“I absolutely had to test it on myself,” he says, “and for that I had to become fat.” For two years and a half, the student did everything to gain weight, while, at the same time, entering as much information as possible about his life in an Excel sheet, including what he ate, when he went to bed, when he ate, when he went to a night club, and what was going on with him emotionally. At the end of those two years and a half, Hindi was 35 kilos heavier, but managed, with a bit of data mining, to spot patterns. After eliminating from his diet foods that were systematically bad for him, his body went back to its natural weight in two years’ time.
But, in 2011, when Hindi decided to turn his algorithm into a product, the product didn’t get off the ground, because, Hindi speculates, the market wasn’t yet ready for a diet that didn’t come from a doctor. Now, however, with the wearables boom, Fitbit and the others, he thinks it would be a different story.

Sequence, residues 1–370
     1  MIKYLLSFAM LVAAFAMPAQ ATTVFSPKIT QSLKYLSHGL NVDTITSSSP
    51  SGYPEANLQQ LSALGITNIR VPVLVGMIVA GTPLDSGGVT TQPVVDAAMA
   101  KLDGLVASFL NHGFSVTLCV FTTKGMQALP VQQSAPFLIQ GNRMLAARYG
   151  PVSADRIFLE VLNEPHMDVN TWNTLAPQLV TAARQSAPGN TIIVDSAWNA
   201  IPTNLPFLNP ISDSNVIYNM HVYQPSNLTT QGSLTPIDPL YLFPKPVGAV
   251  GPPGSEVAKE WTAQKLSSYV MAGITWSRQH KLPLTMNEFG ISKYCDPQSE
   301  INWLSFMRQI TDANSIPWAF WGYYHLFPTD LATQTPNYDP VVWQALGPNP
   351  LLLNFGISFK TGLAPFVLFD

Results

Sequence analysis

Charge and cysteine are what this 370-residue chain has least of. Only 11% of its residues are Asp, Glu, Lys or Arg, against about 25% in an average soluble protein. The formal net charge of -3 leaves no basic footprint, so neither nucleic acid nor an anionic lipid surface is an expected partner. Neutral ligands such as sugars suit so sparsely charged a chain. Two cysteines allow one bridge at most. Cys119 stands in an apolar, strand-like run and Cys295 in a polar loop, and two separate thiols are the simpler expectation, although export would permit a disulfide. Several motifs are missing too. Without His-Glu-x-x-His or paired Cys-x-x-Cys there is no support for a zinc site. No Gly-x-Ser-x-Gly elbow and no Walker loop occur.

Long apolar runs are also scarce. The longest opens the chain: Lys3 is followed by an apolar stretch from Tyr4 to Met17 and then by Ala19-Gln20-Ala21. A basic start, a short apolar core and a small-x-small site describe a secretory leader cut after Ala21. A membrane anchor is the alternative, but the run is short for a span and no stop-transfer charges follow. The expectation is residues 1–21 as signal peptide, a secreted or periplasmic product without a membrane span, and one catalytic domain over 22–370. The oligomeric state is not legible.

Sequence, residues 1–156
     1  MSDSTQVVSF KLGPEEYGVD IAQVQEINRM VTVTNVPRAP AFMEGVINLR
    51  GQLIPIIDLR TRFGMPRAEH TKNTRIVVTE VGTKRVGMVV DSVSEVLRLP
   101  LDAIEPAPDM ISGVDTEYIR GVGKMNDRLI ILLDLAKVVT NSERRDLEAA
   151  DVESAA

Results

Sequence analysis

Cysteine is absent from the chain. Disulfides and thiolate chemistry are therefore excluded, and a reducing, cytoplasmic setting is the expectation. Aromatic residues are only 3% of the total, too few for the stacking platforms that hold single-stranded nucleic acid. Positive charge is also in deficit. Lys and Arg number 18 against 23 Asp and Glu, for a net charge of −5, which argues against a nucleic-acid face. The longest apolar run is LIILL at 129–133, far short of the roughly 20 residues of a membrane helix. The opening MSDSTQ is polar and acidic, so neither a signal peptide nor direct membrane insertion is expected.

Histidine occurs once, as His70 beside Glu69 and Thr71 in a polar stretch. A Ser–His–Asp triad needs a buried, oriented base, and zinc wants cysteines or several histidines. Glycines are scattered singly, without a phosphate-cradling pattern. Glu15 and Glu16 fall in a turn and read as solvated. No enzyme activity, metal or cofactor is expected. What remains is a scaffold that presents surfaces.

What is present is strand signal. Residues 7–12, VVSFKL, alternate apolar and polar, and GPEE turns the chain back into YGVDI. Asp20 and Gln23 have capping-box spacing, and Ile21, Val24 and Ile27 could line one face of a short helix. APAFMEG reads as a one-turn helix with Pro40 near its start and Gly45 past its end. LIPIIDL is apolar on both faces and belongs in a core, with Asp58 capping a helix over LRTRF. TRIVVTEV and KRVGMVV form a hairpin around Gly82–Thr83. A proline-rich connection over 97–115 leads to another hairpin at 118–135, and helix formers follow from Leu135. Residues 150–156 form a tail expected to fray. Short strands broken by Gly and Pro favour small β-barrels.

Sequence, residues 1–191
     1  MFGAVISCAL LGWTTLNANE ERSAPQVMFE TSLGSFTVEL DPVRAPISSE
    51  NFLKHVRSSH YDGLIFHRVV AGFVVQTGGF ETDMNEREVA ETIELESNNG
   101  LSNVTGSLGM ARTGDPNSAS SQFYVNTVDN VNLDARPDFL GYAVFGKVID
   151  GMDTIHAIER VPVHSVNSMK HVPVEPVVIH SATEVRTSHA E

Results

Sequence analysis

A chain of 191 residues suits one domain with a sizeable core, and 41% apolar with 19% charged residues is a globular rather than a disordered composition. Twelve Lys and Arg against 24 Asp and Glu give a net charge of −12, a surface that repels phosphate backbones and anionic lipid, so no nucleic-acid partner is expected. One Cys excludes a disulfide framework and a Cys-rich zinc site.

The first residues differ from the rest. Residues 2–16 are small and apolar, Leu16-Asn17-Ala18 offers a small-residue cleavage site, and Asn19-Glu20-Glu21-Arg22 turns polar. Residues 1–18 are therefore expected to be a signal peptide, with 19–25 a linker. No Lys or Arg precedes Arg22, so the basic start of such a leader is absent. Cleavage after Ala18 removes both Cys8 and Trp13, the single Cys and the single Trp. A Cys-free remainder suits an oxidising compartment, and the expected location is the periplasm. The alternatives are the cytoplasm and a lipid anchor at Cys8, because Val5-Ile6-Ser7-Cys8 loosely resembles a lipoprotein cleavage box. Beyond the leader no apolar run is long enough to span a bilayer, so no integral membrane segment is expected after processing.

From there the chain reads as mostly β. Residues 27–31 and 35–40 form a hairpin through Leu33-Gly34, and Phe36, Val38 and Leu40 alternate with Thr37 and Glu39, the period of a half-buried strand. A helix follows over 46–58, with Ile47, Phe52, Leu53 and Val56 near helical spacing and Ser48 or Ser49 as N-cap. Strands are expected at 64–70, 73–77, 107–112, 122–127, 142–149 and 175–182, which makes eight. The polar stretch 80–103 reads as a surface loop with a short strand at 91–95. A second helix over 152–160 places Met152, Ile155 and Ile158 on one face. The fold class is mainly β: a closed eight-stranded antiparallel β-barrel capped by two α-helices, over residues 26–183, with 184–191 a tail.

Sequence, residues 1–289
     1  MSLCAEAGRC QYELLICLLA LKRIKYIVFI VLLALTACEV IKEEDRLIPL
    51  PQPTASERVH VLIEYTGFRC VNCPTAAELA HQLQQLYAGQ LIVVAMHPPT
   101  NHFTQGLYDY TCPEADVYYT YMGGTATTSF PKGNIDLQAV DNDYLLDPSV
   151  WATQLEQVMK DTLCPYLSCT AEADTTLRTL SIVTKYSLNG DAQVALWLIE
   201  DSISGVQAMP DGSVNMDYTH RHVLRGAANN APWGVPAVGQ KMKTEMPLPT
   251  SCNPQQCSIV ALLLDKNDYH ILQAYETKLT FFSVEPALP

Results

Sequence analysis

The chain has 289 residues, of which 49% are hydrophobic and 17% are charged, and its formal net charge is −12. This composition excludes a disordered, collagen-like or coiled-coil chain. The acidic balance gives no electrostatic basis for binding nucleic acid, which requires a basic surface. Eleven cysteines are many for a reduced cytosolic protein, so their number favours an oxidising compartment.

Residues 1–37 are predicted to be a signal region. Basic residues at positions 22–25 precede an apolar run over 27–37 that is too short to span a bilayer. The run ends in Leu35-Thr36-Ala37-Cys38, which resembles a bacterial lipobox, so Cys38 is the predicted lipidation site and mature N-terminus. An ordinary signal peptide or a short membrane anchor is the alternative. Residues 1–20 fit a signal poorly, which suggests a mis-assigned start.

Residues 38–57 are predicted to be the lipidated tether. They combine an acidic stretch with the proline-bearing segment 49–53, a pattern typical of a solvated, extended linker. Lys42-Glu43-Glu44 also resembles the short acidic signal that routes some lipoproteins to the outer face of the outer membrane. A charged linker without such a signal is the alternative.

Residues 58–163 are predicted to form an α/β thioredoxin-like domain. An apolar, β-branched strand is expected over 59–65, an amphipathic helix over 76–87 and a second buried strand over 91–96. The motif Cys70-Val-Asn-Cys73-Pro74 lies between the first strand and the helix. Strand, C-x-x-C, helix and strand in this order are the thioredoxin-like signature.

Not one to give up, the French-Lebanese decided to use his big data experience to solve problems in another sector: urbanism. He met Michael Fester and Maël Primet, two mathematicians, and the three PhDs decided to create a company together with a sole goal: solve problems using big data.
“There are two types of startups,” says Hindi, “business startups whose founders think ‘I’ve spotted an opportunity, I will create a product, and sell it’, and tech startups whose founders think ‘we have a vision, there is stuff we like to do, we’re going to do that, and see what happens’.”